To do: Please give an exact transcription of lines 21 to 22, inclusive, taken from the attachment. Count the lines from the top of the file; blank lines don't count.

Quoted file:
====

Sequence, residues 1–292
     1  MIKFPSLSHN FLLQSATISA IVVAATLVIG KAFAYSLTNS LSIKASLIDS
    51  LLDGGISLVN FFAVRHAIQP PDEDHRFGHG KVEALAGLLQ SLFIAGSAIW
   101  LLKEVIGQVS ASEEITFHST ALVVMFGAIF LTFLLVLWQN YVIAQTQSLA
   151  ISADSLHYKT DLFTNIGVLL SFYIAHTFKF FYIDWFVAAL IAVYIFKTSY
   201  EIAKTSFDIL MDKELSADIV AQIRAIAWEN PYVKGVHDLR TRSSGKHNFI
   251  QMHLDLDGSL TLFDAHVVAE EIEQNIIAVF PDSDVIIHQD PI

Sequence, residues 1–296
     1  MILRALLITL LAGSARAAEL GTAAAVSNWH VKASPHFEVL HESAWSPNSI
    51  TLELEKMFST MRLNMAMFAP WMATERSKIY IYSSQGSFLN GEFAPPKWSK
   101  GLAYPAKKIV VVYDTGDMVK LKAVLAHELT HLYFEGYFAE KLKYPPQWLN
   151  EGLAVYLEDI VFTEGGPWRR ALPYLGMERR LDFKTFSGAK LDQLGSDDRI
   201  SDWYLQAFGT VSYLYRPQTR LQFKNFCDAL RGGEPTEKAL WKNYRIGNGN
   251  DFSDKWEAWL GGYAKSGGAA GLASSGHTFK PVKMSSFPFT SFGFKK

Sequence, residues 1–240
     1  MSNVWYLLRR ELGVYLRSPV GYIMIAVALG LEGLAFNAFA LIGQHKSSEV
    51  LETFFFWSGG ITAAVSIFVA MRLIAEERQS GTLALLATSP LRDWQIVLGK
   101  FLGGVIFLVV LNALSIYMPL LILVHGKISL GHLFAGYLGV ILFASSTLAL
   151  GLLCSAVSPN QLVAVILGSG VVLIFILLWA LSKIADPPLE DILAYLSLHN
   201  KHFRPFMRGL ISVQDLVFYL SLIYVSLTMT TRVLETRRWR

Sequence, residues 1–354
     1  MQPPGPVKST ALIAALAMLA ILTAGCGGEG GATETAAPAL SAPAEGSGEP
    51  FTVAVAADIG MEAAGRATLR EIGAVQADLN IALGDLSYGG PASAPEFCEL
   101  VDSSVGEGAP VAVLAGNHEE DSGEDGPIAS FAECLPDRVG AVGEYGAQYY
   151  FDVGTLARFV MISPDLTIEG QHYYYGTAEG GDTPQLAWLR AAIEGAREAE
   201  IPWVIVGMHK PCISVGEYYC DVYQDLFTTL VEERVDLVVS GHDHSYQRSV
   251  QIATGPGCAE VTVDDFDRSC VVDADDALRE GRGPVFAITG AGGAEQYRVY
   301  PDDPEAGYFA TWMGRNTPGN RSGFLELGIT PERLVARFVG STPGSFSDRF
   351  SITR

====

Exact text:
Sequence, residues 1–354
     1  MQPPGPVKST ALIAALAMLA ILTAGCGGEG GATETAAPAL SAPAEGSGEP